Frowsy things and people smell stale or musty or look messy, dirty, sloppy, or unwashed.
(rhymes with "drowsy")
Part of speech:
(Adjectives are describing words, like "large" or "late."
They can be used in two ways:
1. Right before a noun, as in "a frowsy thing" or "a frowsy person."
2. After a linking verb, as in "It was frowsy." or "He's frowsy.")
You can spell it "frowzy," with a "z," if you prefer. (It's more common to spell it "frowsy," with an "s.")
You can talk about things that are "frowsier" (or "frowzier") and the "frowziest."
The adverb is "frowsily" and the noun is "frowsiness" (or "frowziness").
How to use it: Frowsy things and people haven't been properly cleaned or groomed in a long while; they are not pleasant to smell or to look at. So when you call something frowsy, you're being mildly insulting or just descriptively honest.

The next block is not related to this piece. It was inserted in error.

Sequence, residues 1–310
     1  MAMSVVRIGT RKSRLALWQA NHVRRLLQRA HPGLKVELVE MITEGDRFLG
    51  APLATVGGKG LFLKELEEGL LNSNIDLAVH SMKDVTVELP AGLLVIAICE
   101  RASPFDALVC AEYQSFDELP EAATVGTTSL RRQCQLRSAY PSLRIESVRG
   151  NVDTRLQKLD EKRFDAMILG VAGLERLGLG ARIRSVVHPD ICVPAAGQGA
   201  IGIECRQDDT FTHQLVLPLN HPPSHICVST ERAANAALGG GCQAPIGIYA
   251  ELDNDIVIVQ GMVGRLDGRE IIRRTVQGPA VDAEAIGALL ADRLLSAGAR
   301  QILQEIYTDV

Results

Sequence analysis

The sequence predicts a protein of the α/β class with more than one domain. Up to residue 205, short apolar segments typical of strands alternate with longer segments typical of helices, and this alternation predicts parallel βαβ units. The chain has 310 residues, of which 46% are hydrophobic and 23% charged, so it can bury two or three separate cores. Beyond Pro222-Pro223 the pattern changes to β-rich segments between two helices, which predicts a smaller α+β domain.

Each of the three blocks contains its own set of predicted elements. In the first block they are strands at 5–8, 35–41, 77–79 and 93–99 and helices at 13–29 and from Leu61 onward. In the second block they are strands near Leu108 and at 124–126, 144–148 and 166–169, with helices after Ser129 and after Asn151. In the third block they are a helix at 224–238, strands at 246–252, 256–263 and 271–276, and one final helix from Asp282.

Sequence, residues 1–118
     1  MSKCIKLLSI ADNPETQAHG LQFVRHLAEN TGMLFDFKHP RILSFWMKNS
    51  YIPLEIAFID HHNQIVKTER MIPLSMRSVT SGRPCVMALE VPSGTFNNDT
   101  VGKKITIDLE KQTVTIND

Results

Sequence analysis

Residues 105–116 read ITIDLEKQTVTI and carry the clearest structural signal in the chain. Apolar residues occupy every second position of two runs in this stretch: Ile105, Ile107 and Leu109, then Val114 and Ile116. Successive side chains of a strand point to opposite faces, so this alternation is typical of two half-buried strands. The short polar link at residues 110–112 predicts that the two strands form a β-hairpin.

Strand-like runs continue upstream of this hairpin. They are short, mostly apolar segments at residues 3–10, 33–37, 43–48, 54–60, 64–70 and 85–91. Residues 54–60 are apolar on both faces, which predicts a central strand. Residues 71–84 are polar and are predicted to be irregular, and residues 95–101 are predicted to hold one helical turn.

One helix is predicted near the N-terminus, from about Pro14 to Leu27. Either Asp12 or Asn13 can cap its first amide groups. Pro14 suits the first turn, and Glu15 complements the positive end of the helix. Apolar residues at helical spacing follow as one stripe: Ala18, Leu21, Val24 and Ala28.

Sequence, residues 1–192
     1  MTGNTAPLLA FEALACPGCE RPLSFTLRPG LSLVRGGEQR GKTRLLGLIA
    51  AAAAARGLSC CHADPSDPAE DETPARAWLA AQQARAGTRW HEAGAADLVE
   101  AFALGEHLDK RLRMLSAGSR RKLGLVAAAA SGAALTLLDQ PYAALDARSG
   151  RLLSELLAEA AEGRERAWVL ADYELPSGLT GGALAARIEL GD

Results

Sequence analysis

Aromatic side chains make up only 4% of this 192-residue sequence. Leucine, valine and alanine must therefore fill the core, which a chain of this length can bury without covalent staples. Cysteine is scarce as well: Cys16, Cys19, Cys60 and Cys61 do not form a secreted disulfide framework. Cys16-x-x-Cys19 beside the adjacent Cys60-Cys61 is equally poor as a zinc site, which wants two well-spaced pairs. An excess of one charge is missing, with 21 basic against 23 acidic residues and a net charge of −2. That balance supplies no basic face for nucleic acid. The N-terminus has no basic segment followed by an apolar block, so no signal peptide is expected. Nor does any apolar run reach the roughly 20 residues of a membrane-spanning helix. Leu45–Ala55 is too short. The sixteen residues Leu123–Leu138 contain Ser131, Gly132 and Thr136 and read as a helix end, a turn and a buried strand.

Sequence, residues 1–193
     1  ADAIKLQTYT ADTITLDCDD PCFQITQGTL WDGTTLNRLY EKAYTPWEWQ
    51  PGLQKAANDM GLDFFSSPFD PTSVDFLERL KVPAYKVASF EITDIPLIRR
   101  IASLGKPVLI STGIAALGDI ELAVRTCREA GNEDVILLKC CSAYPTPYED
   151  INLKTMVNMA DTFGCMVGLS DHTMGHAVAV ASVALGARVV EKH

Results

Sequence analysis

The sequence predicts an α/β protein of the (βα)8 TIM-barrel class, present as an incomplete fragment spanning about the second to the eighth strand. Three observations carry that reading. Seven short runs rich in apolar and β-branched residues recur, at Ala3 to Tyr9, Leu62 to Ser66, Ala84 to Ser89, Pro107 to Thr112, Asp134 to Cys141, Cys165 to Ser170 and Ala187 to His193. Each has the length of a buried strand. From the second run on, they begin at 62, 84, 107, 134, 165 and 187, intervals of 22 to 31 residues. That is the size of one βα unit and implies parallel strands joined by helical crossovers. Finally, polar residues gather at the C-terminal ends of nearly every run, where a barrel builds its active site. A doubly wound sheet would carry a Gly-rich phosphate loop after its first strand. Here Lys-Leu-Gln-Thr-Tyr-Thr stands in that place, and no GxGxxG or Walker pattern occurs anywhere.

We most often talk about frowsy hair and clothing, as well as frowsy people and appearances. Occasionally we talk about frowsy objects and places, like frowsy papers, furniture, rooms, and buildings.
To get figurative, we talk about frowsy writing and speech, or maybe even frowsy thinking.
Although the cough is clearing up, I'm too tired to put my hair in anything but this frowsy braid.
In the den was a single sofa, frowsy and lopsided, graying but still blue in some patches, and I edged awkwardly away from its most noticeable stain.